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Sunday, June 13, 2010

Euro Western Cinema Classics: The Forgotten Pistolero (1969) review


Leonard Mann (Sebastian Carrasco), Alberto de Mendoza (Tomas), Peter Martell (Raffael), Luciana Paluzzi (Anna Carrasco), Pilar Velazquez (Isabella Carrasco), Piero Lulli (Francisco), Luciano Rossi (Juanito), Jose Manuel Martin (Miguel)

Directed by Ferdinando Baldi

The Short Version: Probably Baldi's best western of his career, THE FORGOTTEN PISTOLERO is a forgotten, unsung classic of monumentally tragic proportions. Foregoing lots of meaningless action, the film focuses on characterizations using gunfights and fisticuffs to accentuate the drama. The film concludes with a satisfyingly fiery climax and possesses one of the best ever western scores. Highly recommended.

A victorious General returns home from the war only to be double crossed and brutally murdered by his scheming wife and her lover. Her young son, Sebastian, disappears, the shock of the events that night causing him to forget much of what happened. His sister, Isabella and his childhood friend, Raffael, end up lost in all the commotion. Years later, Raffael finds Sebastian and explains his past hoping to trigger a memory so that he may reunite with his sister and avenge the family name of Carrasco.

Ferdinando Baldi’s best western relies heavily on dramatic elements leaving the action scenes in the back seat while giving them more punch in the process. THE FORGOTTEN PISTOLERO is an operatic spaghetti oater with Shakespearean tragedy at its core. The above synopsis only covers a modicum of the various character and story arcs found in the pictures scant 81 minute running time. The film is brimming with infidelity, betrayal, revenge and a last minute revelation. Gently peppered with low key action scenes, this tragic love story in the old west never lets you forget that you're watching a western.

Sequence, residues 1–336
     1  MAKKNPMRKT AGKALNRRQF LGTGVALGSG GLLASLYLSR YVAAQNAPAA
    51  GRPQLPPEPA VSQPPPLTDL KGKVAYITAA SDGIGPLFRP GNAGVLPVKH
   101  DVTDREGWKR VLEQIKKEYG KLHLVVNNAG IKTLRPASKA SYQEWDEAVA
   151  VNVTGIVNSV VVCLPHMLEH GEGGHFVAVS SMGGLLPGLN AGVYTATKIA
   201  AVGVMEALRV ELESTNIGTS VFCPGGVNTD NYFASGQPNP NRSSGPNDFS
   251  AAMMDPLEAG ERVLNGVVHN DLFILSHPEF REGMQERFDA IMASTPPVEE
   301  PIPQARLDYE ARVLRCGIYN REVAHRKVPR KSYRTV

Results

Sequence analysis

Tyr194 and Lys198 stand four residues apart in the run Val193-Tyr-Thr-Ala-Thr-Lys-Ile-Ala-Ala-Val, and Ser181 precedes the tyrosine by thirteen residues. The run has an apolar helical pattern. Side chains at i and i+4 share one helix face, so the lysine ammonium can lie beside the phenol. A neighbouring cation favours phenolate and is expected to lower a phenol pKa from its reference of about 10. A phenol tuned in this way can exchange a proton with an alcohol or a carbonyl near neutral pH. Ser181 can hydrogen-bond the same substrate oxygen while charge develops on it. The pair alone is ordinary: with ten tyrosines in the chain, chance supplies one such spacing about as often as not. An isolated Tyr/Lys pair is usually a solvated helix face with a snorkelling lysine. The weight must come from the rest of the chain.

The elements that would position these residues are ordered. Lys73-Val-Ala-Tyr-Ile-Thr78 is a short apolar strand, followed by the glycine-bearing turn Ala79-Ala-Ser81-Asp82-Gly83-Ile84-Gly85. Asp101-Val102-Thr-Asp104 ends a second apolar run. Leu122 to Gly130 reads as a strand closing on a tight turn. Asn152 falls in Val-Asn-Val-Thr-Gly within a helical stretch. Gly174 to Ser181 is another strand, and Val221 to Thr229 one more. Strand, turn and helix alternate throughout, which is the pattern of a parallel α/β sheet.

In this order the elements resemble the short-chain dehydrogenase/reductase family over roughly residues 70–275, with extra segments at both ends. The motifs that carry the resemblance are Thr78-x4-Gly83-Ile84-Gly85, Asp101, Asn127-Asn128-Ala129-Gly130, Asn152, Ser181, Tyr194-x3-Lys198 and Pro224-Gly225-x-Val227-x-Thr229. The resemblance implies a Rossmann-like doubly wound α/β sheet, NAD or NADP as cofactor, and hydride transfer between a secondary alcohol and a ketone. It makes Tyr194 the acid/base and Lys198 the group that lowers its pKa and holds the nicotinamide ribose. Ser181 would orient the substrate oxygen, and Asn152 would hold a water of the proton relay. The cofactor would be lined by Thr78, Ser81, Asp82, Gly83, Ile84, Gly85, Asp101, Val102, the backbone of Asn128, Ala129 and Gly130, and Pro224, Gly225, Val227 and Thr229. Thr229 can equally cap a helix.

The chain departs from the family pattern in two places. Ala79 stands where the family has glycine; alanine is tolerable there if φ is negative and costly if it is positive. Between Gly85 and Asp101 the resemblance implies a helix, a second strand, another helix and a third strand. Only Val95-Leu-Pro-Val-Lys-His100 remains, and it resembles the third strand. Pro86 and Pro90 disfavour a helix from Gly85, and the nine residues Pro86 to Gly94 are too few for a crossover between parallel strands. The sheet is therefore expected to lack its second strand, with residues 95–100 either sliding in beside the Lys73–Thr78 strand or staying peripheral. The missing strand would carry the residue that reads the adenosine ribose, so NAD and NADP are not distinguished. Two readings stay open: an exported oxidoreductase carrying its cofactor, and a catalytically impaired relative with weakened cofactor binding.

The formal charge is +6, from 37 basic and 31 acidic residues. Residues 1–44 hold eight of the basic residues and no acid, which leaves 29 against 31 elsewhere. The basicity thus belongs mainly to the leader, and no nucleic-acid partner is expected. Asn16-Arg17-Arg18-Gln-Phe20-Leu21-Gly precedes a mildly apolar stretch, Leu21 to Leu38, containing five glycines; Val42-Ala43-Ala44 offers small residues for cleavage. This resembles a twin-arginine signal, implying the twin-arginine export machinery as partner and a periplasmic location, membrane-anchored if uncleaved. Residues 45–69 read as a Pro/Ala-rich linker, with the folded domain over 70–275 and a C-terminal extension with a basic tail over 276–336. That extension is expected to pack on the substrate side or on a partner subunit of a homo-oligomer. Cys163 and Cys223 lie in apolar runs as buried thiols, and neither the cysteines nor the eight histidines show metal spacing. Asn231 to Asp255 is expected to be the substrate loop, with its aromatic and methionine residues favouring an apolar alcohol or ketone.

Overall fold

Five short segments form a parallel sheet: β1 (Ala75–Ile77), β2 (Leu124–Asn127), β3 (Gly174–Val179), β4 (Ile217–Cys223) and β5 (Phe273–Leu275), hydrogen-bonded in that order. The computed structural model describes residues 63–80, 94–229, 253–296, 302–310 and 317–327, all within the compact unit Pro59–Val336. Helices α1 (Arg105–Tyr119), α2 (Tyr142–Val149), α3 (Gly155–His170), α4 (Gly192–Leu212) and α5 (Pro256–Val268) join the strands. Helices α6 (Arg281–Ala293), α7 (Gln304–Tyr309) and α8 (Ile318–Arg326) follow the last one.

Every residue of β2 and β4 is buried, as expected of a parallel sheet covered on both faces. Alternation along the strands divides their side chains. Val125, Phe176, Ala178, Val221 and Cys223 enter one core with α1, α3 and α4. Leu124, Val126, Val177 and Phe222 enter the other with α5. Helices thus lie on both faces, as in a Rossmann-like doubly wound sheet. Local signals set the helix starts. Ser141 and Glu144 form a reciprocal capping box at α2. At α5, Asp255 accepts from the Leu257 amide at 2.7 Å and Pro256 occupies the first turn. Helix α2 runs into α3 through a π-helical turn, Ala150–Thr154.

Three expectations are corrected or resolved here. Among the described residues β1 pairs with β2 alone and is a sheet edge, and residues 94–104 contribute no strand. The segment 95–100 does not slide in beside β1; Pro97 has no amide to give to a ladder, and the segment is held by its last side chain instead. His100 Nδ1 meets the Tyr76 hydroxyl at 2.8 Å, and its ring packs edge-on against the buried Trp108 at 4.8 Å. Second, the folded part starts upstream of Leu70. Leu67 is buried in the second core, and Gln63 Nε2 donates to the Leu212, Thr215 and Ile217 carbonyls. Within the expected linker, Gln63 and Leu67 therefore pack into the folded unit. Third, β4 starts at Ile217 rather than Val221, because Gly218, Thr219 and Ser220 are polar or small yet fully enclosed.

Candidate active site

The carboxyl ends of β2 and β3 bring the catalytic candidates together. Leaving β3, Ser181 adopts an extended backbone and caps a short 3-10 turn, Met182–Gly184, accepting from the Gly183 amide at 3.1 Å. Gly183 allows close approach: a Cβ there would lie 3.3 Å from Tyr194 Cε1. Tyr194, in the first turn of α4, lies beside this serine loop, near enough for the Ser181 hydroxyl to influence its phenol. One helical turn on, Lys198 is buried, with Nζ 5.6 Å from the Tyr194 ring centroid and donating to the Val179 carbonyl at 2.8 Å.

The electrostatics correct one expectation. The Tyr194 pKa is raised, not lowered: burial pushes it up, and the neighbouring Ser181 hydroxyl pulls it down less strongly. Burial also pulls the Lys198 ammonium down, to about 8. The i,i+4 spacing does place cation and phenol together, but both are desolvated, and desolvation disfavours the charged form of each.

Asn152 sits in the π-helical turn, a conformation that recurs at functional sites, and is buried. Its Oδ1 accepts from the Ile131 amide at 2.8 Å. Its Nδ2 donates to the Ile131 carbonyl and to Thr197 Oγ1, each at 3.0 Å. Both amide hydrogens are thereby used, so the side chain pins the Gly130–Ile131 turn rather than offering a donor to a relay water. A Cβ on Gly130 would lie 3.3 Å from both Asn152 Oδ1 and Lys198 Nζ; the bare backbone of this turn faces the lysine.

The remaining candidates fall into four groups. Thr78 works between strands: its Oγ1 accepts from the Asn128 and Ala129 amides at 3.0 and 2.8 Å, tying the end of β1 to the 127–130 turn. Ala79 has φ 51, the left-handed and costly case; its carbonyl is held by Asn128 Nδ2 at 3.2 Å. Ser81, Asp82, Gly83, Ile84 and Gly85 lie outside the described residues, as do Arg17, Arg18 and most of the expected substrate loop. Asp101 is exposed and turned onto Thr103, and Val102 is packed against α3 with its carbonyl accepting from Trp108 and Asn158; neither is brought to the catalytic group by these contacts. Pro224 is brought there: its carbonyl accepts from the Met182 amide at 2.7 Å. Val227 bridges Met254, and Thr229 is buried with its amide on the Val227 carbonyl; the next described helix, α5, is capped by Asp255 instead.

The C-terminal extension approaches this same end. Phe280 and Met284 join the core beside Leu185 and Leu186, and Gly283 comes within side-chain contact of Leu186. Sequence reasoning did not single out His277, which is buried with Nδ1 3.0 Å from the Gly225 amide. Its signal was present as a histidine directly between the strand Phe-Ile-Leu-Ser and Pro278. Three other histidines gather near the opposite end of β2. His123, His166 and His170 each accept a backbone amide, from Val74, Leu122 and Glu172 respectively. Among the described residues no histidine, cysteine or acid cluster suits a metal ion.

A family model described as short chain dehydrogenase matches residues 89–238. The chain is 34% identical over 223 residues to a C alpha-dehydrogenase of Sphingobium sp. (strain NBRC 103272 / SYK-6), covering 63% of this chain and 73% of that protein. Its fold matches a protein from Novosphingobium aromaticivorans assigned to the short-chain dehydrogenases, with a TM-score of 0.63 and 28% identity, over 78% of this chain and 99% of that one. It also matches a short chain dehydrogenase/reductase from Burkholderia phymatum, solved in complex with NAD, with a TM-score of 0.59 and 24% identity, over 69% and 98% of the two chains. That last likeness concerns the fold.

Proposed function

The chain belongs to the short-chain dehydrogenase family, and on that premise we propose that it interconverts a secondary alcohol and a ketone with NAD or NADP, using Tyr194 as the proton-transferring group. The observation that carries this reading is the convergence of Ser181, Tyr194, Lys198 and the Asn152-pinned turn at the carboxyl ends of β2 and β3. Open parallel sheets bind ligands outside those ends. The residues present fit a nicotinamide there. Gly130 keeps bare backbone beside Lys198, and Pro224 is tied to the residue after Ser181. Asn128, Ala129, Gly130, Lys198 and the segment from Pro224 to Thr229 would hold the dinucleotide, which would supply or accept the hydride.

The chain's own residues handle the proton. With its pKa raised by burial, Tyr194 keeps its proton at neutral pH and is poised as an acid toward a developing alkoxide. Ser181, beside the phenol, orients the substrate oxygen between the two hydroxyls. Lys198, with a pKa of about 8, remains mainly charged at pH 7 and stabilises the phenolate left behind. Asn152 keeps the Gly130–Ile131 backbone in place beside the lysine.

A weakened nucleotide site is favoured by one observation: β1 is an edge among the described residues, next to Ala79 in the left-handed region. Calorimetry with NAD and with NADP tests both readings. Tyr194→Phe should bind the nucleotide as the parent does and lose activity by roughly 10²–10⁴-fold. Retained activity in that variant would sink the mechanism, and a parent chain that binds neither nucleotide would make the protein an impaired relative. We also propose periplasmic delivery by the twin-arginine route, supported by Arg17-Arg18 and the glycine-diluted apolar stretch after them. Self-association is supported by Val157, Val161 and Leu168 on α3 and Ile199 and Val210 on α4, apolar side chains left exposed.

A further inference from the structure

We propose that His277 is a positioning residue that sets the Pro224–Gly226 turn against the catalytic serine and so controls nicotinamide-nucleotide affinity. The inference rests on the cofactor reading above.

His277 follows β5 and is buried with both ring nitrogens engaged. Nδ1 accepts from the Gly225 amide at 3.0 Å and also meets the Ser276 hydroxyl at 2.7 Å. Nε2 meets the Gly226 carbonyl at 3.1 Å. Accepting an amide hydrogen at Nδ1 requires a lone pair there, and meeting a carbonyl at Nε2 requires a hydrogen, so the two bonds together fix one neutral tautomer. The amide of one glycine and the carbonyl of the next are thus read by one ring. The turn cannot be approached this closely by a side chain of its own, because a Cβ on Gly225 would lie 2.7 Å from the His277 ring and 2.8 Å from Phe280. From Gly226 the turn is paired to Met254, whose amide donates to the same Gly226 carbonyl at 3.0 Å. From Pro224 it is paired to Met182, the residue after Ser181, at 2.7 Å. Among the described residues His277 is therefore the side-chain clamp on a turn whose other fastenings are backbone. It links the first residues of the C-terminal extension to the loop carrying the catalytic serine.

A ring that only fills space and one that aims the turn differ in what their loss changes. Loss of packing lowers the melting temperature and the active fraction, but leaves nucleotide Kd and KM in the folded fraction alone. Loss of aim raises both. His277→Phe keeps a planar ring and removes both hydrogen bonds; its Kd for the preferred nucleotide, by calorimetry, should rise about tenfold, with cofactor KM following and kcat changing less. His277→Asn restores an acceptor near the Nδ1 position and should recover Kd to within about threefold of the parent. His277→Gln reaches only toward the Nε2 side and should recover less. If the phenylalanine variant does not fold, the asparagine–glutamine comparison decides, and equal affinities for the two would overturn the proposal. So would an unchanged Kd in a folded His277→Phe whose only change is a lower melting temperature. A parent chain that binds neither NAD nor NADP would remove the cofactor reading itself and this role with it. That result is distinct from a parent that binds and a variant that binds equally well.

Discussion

If not for the stoic and majestic soundtrack by Roberto Pregadio (apparently Franco Micalizzi had a hand in the score, too), the movie would be far less endearing. Truly one of the best western scores, Pregadio's cues, especially the main theme, is frequently soaring perfectly capturing the feel of the wild, open spaces of the vastness and beauty of the old west. The 3:30 main theme is an orchestral reworking of the old cowboy song, 'Home On the Range' as well as maintaining the Italian Euroater touch with whistling and a horn section. This theme has been very popular in recent years as it's been heard on numerous television commercials and even kids cartoon programs.

The cast is well chosen for this production and the leads are all attractive, especially the female cast members. Leonard Mann, an American actor, is fine, but about as engaging as a piece of petrified wood. Considering the role and genre, this plays to his advantage. Mann plays Sebastian, a young man who lives in isolation alone on a small farm. After spying a ringing church bell in town, he remembers a similar occurrence from his violent childhood. This sets in motion his revenge against Tomas and his mother, Anna. Mann also went on to appear in some Italian crime movies during the latter part of the 1970's and even co-starred in Deodato's CUT & RUN in 1985. Mann is the main star in FORGOTTEN PISTOLERO. His angelic looks and eyes suit him just as other actors with similar looks have stood out in this genre.

The late Peter Martell (Pietro Martellanza) co-stars alongside Mann as his childhood friend trying to trigger his memory enabling him to restore the family name to its former glory. Martell was a much better actor, but under the circumstances, the main lead suited Mann better. Martell plays the character of Raffael who had suffered greatly as a small boy by the hands of Francisco under the leadership of Tomas. It's never shown, but we're given several hints throughout as to why Raffael refuses to enjoy the company of women. Near the end, Francisco cruelly reveals that he had castrated Raffael as a small boy and openly relishes in the destruction of his manhood.